Taiichi Ohno, the father of Toyota’s production system, instituted a technique called 5 Whys. It involves nothing more than asking 5 Whys in succession whenever a problem is found, just as an inquisitive toddler does.
This technique seems almost too simple to be of any use. When I first came across it, I paid no attention to it. However, it can make a world of difference when applied correctly and take us to the root cause of a problem.
For instance, I had written about how medical science treats symptoms rather than an underlying cause. Now let us apply the 5 Whys to a hypothetical stomach ache.
1. Why does my stomach ache?
Because I ate three cup-cakes after lunch at my table at work.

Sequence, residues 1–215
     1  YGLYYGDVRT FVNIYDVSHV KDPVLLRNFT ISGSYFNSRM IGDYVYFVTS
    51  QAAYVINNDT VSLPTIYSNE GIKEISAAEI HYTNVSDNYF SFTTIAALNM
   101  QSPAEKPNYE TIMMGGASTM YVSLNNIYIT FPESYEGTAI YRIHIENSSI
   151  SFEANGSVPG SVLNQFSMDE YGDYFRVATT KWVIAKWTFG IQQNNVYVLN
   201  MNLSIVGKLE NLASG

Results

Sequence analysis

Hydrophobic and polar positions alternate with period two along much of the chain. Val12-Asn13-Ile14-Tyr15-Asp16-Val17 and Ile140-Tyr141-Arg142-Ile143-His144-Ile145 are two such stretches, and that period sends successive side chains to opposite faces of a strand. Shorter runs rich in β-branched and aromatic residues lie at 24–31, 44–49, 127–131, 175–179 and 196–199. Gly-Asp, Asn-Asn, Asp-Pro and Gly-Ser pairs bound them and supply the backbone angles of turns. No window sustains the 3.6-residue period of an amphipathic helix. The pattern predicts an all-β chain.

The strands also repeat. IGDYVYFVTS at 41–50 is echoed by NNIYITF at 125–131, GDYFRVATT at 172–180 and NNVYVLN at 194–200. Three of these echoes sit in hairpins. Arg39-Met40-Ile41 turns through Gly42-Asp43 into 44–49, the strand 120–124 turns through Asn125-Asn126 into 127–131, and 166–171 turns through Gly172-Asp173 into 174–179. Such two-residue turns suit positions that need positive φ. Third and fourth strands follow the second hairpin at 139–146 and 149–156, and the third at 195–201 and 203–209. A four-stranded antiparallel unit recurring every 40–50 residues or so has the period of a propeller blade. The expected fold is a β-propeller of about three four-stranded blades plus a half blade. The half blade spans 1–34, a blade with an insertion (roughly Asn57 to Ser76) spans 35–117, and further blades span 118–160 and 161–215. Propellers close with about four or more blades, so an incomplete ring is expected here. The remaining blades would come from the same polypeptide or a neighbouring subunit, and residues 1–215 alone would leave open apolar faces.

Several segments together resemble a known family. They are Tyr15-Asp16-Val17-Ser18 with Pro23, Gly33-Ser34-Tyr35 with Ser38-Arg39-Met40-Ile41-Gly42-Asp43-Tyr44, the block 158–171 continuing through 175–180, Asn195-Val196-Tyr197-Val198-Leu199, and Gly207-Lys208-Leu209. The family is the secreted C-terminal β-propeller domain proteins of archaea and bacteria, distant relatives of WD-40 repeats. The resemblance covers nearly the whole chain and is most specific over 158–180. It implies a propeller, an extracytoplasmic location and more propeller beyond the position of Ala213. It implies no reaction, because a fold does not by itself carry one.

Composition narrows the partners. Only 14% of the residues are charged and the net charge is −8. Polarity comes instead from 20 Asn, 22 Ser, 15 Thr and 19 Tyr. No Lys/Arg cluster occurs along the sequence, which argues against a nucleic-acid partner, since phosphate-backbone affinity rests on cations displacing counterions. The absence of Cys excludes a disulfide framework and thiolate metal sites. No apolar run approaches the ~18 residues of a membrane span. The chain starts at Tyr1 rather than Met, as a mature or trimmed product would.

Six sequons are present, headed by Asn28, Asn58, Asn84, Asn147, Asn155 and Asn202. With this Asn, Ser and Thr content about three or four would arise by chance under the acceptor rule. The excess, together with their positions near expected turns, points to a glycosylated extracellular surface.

2. Why did I eat so many cup cakes?
Because I was stressed out. It seemed like a quick reward.
3. Why was I stressed out?
Because my manager keeps piling up work on my plate.
4. Why does my manager keep increasing my work?
Because he seems to have forgotten about the second project I started a week ago.
5. Why have I not reminded him about my second project?
Because I do not find enough time with him to sustain ongoing communication
In this example, the root cause of a stomach ache was actually a communication issue. Physicians, as I had argued earlier, often do not even ask the first “Why”. And rightly so, because it in several cases the cause is none of their business. Besides, taking a pill seems to cure one stomach ache, while encouraging several others by allowing us to escape its consequences. But getting to the root cause of an ache can potentially prevent several others that follow.
Coming back to how simple this technique is, it is important to distinguish between simple and easy here. 5 Whys is a simple technique. But its application can be surprisingly difficult.